Charles Darwin is, of course, famous for his advocacy of evolution, but rarely mentioned are his letters to friends for and against marriage in April and July 1838.
Darwin was trying to decide whether or not to marry his cousin Emma Wedgewood, reports The Guardian.
In one letter, Darwin describes his beloved Emma as an "object to be beloved and played with – better than a dog anyhow” and how he supports the "charms of music & female chit-chat."
However, Darwin also lists the things that he will miss if he gets married: “Conversation of clever men at clubs, cannot read in the evenings, less money for books, fatness and idleness and loss of time."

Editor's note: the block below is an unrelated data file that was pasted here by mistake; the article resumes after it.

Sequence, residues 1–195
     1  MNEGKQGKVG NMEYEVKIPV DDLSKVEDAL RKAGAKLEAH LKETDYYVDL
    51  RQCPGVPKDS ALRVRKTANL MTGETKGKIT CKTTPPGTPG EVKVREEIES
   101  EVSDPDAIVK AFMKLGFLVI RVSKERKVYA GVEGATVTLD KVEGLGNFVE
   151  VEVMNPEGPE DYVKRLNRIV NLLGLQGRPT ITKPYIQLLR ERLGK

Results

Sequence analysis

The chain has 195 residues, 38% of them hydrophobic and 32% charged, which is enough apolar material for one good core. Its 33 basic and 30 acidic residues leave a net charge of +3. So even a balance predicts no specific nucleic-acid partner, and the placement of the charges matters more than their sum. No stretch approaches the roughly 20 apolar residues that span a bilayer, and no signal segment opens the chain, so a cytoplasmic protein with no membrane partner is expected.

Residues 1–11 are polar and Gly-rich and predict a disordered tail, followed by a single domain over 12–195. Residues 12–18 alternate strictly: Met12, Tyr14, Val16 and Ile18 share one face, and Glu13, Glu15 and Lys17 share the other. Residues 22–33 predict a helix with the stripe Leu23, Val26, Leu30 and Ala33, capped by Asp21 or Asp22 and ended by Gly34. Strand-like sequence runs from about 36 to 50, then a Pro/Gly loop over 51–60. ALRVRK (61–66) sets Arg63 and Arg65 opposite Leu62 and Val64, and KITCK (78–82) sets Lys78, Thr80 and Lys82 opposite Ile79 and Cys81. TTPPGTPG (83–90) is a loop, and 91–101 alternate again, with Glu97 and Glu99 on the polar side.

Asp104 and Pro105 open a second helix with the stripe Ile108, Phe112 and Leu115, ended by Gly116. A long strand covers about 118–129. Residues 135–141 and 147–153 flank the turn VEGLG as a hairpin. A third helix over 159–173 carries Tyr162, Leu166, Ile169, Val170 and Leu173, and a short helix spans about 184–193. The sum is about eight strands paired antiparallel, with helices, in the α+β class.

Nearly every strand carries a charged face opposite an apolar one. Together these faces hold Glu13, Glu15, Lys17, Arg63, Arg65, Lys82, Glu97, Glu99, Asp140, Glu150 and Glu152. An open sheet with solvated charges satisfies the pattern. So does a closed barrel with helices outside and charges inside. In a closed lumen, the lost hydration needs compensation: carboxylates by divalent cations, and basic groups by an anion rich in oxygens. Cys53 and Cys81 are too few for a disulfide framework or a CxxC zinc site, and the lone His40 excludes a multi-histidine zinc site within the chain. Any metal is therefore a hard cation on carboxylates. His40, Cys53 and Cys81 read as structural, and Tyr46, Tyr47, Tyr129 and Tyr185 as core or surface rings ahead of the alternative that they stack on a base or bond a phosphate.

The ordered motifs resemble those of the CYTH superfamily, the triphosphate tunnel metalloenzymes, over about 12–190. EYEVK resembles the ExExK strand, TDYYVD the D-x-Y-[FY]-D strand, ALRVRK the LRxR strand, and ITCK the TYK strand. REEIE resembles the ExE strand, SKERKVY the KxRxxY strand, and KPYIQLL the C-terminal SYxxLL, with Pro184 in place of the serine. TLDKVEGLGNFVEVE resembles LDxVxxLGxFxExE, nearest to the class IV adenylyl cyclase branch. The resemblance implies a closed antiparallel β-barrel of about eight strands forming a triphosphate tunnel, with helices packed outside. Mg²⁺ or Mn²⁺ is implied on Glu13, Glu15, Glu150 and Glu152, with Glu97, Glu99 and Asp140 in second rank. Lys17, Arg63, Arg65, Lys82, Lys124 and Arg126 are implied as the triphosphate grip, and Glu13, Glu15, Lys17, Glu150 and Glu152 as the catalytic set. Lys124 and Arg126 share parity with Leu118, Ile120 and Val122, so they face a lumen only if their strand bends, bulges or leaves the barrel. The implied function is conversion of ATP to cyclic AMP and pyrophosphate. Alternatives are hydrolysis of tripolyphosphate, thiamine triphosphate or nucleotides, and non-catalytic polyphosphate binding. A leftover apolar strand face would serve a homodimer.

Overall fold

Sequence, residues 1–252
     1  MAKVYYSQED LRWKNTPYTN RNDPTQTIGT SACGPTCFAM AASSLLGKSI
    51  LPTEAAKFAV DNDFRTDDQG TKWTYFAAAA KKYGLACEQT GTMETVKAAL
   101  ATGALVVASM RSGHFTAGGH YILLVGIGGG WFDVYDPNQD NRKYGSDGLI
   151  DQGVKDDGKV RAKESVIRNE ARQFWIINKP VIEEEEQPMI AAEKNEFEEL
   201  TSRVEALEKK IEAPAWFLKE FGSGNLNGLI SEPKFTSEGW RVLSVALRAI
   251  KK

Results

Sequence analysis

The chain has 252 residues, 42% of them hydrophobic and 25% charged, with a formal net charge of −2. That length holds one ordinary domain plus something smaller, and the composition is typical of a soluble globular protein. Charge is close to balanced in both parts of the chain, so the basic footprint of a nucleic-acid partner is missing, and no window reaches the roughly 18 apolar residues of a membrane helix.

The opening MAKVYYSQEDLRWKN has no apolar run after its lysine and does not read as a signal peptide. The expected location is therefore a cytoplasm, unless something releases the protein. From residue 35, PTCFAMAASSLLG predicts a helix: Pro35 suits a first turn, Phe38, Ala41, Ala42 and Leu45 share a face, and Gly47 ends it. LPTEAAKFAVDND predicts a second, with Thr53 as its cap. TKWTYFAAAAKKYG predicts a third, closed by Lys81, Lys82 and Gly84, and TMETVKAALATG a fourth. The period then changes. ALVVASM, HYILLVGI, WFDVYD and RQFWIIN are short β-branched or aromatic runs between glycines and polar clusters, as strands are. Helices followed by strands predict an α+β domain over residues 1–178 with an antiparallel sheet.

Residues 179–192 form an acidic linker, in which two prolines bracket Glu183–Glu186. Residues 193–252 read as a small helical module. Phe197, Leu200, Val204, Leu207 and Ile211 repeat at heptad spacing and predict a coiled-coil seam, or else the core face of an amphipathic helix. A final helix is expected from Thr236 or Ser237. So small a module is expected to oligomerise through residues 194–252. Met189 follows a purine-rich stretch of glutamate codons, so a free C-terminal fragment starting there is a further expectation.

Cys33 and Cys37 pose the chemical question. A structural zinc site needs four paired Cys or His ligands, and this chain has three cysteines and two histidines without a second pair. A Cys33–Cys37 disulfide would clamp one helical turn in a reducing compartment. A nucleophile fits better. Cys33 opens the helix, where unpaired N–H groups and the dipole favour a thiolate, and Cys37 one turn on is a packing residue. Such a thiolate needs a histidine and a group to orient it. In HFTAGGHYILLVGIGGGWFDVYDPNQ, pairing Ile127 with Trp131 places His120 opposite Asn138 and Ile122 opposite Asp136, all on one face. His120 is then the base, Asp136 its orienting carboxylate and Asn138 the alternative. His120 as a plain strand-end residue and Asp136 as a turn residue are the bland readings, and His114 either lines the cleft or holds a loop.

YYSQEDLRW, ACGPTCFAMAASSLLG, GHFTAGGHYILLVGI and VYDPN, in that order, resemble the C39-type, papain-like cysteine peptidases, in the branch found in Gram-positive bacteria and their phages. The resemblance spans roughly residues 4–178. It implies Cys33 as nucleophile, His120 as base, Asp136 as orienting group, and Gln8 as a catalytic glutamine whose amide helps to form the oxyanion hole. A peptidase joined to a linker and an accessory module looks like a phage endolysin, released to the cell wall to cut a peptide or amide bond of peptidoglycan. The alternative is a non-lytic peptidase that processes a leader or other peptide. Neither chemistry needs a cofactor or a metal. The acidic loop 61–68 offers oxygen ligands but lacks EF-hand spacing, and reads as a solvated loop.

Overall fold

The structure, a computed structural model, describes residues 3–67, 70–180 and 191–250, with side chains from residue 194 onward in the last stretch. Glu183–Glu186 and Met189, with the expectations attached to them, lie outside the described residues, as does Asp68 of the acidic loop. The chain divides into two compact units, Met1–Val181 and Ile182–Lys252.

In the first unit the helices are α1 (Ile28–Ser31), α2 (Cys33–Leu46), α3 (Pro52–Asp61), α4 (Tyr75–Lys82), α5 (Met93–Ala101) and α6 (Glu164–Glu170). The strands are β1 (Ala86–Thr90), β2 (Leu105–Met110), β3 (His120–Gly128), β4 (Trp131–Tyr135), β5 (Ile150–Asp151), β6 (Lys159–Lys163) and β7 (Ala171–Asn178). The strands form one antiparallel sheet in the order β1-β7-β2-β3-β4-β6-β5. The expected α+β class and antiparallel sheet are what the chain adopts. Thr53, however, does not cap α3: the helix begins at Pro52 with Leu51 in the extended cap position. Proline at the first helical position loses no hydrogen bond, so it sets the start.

Darwin writes: “How should I manage all my business if I were obliged to go every day walking with my wife. Eheu!! I never should know French, – or see the Continent – or go to America, or go up in a Balloon, or take solitary trip in Wales – poor slave.”
However, Darwin concludes marriage is better than working alone in London: “It is intolerable to think of spending one’s whole life, like a neuter bee, working, working, and nothing after all. No, no won’t do – Imagine living all one’s day solitarily in smoky dirty London.”
“Cheer up. One cannot live this solitary life, with groggy old age, friendless and cold, and childless staring one in ones face, already beginning to wrinkle. Never mind, trust to chance… There is many a happy slave.”
On November 11, 1838, Darwin proposed to Emma and she accepted. They were married on January 19, 1839.